Technical Program

Paper Detail

Paper: PS-2B.31
Session: Poster Session 2B
Location: H Fläche 1.OG
Session Time: Sunday, September 15, 17:15 - 20:15
Presentation Time:Sunday, September 15, 17:15 - 20:15
Presentation: Poster
Publication: 2019 Conference on Cognitive Computational Neuroscience, 13-16 September 2019, Berlin, Germany
Paper Title: Risk Sensitivity under Partially Observable Markov Decision Processes
Manuscript:  Click here to view manuscript
License: Creative Commons License
This work is licensed under a Creative Commons Attribution 3.0 Unported License.
Authors: Nikolas Höft, Rong Guo, Vaios Laschos, Technische Universität Berlin, Germany; Sein Jeung, Dirk Ostwald, Freie Universität Berlin, Germany; Klaus Obermayer, Technische Universität Berlin, Germany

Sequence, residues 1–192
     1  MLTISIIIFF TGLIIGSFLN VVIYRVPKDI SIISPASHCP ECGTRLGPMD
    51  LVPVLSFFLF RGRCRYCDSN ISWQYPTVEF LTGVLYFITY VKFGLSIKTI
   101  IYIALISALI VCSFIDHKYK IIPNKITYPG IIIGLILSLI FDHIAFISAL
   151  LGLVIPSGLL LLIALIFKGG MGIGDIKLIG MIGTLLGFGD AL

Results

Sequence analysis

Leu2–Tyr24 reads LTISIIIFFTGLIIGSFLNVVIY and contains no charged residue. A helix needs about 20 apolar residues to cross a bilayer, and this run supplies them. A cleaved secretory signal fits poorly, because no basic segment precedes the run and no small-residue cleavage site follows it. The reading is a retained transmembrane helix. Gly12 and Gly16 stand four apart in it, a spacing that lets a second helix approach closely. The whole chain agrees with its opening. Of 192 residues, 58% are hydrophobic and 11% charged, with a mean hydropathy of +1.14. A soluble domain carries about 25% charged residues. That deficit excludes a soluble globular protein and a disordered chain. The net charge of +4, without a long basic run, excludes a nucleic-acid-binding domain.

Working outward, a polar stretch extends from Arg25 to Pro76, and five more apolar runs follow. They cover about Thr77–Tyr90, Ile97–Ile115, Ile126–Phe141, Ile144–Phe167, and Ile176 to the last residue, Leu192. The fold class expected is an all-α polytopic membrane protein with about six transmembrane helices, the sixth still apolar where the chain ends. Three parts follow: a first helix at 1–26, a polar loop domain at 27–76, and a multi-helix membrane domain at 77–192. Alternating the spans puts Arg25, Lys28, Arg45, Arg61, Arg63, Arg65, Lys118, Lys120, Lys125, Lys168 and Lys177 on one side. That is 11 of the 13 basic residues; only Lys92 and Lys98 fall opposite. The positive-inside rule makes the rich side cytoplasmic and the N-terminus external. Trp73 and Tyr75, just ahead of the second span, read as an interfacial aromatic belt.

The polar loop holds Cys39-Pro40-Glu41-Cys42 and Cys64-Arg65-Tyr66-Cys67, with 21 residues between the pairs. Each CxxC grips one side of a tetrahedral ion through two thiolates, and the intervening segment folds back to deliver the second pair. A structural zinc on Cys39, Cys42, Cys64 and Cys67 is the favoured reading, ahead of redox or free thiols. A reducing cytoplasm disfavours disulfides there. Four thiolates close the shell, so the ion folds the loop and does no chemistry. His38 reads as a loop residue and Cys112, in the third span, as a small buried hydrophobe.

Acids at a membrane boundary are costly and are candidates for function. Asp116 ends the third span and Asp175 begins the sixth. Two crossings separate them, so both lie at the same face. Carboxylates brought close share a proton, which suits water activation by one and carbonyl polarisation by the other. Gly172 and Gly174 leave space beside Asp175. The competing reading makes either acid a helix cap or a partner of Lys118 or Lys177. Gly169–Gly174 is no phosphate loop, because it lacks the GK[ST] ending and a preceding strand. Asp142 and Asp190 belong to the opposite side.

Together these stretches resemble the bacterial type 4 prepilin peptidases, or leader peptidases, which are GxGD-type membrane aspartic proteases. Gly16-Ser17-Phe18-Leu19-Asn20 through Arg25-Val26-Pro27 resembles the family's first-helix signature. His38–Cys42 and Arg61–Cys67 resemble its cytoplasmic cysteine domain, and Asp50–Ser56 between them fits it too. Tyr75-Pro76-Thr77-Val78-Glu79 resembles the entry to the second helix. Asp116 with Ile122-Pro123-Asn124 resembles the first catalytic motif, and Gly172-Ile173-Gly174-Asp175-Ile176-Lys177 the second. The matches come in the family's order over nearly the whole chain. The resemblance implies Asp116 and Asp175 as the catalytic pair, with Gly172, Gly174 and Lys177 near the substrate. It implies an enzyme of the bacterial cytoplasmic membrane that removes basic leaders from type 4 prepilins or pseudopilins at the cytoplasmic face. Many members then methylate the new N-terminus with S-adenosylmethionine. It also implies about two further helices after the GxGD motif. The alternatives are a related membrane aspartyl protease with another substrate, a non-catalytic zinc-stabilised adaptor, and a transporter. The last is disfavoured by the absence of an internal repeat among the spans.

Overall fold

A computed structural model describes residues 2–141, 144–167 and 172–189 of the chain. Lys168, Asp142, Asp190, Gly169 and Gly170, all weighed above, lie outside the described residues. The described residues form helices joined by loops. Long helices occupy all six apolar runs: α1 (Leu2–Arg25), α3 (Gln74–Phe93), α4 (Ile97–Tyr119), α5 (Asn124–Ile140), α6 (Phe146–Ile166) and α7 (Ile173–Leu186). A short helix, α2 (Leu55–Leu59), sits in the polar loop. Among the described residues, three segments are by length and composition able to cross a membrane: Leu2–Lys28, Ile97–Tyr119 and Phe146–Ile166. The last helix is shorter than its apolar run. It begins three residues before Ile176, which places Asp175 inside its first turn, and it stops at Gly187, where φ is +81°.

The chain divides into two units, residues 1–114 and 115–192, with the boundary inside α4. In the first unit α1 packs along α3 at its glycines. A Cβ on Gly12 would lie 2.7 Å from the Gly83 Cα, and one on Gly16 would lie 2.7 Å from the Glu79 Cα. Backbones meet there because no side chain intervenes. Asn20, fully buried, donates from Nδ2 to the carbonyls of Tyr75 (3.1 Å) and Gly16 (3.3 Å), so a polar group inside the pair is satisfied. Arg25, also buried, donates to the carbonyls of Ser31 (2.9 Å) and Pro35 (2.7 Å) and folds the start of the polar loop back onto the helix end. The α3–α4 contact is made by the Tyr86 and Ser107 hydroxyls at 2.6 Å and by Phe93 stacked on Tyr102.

Abstract: Many real-life decisions must be made in the face of risk that is due to uncertain information about the environment. Even facing the same environment, different people might behave differently due to their individual risk preferences. For instance, a risk-seeking gambler may overestimate the chance of favorable outcomes or the amount of money going to win in those cases and therefore prefers to gamble. In cognitive neuroscience, Bayesian inference is usually applied to model the objective perception of the unobservable state, under which risk-neutral decisions are made by solving a partially observable Markov decision process (POMDP). However, the subjective evaluation of such inferred state information, which leads to different individual risk preferences, and the underlying neurobiological process are still poorly understood. Hence, we derived a risk-sensitive POMDP method that models human choice behavior and response time in a simulated investment task. Our risk-sensitive POMDP model fits the experimental data considerably better than the risk-neutral model. The model’s risk-sensitivity parameters explained subjects’ individual risk preference under state uncertainty at the decision time. Our results may pave the way for understanding human risk-sensitive choice under perceptual uncertainty using a unified quantitative POMDP framework.